1) Let a,b be elements of a group G. Show that , , and
Proof- We show the first equality by showing and we show this by subset inclusion. Let . This says that for some . The other direction is similar so that both sets contain each other and thus are the same set, so by definition the order of their generators is the same.
For the second equality, suppose . By definition this gives that Thus:
. This conclusion tells us that the order of the element ba can be no larger than n, when we are given the fact that the order of ab is n. Thus Repeating this argument for we get so that . The case when either side is infinite automatically gives the other side to be infinite too.
For the last equality, suppose . Then consider:
Again this tells us the that . Suppose . Then which gives
which is a contradiction since the order of a is n. Thus n = m. If either side is infinite then again the other side must be also.
2) Let G be an abelian group with elements a,b having respective orders m,n. Show that G contains an element with order lcm(m,n)
Proof- First we assume that gcd(m,n)=1. Then we have lcm(m,n) = mn. We have that:
so that . Suppose Then we have:
. Then since and the order of b is m, we have that since gcd(m,n) =1. Similarly Then since gcd(m,n)=1 we have , but so that . Thus the element ab has order lcm(m,n) when gcd(m,n) = 1.
Now suppose that . Then by definition . Note that:
and if for some then where qr < m which contradicts the order of a being m. Thus:
and . Therefore Thus the element has order lcm(m,n)
3) Let G be an abelian group of order pq with gcd(p,q) = 1. Assume there exists such that , and show that G is cyclic.
Proof- From number 2 we know that G must contain an element g, with order pq. Because pq is also the order of the group it must be true that g generates G. Thus G is cyclic.
4) If is a group homomorphism, , and has finite order in H, then is infinite or divides .
Proof- Let . Suppose that the order of a is finite, . Then we have:
. Then n must divide the order of f(a) so that n divides m.
6) If G is a cyclic group of order n and then G has exactly one subgroup of order k.
Proof- The case when k is 1 is trivial so assume . Let be cyclic. We can write . This by definition means that . Because we get that . Thus is a subgroup of G with order k. Now show it is unique. Suppose H is a subgroup of G also with order k. Since k is not 1, H is nontrivial. Being a subgroup of a cyclic group, where m is the least positive integer such that From the division algorithm we have for some with This gives:
. However m is the least positive integer such that , and we have now that also, with which means that r must be 0. Thus so that which gives that gcd(m,n) = m. Then since we have that for the same reason as before. Then:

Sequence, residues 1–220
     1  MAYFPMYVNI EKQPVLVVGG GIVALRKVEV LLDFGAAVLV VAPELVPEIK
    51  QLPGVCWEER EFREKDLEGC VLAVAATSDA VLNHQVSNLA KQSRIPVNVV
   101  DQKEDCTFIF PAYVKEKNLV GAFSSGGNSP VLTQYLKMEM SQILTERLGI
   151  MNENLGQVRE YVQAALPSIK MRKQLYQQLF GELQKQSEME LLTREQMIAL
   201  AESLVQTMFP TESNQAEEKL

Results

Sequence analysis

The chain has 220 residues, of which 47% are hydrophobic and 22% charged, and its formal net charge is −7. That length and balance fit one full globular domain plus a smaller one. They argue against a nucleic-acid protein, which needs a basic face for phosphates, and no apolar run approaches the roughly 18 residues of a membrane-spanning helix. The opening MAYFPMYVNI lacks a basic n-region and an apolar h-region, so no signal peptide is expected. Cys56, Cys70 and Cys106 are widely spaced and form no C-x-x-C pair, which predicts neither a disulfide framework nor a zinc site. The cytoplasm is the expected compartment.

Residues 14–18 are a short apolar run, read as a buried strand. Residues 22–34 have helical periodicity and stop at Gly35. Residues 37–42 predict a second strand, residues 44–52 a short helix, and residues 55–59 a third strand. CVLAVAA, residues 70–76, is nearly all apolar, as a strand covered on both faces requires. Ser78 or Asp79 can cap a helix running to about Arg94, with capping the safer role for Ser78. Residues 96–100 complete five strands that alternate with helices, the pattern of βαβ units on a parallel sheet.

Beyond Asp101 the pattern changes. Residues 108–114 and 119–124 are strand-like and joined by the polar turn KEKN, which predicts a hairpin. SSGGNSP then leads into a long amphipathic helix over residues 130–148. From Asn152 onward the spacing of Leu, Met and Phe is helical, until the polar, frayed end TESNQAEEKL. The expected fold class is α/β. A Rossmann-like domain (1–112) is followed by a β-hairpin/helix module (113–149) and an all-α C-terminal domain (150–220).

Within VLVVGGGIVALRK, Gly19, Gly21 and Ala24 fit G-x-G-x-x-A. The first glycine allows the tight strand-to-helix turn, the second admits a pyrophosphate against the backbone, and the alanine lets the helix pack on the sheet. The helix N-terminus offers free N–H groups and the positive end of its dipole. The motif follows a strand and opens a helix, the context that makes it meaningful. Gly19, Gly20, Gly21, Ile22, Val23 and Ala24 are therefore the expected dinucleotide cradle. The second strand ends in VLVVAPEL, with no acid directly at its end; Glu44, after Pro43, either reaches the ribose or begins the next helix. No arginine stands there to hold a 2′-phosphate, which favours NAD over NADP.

, which gives that so that , so the subgroup is unique.
8) A group that has only a finite number of subgroups must be finite.
Proof- Let a group G have a finite number of subgroups but suppose G is infinite. Let not the identity. Consider . If it is infinite then it must be cyclic and isomorphic to the integers under addition, which has infinitely many subgroups. Thus cannot be infinite and in fact every element of G must have finite order. Next, let and again form . Since G is infinite, but is finite we have that must be infinite as well. Choose another . Form . Note that . Again we can pick and form . Continuing in this manner we obtain an infinite sequence of subgroups of G which are not all equal. A contradiction to the finite number of subgroups. Thus G is not finite.
9) If G is an abelian group, then the set T of all elements with finite order is a subgroup of G.
Proof- Since the order of the identity element is 1, so that T is nonempty. Let have orders m, n respectively. Let lcm(m,n) = q. Then for some . Note that . This gives that the order of must divide q, which means the order of is finite so that so by the subgroup test, T is a subgroup of G.
10) An infinite group is cyclic iff it is isomorphic to each of its proper subgroups.
Proof- Assume that G is cyclic so that for some a in G. Let H be a proper subgroup of G, then we can say that , where m is the least positive integer such that . Define by . If then so that is well defined.
Let . Then . Since G is cyclic write then since G is infinite, a cannot have finite order so we get:
since m was positive. Thus so that is injective.
Now for any we can write for some integer k. Note that and this element also maps to h, so is onto.
Lastly, let . Then we can write and so that:
so we have an isomorphism.
Assume that for every proper subgroup H of G. Since G is infinite, let a be an element which is not the identity. Then , so let be an isomorphism. Want to show that by subset inclusion to show G is cyclic. Let . Since f is onto, there is some such that Thus . Now let then for some integer k. This shows that h is in G. Thus the two sets are equal and so G is cyclic.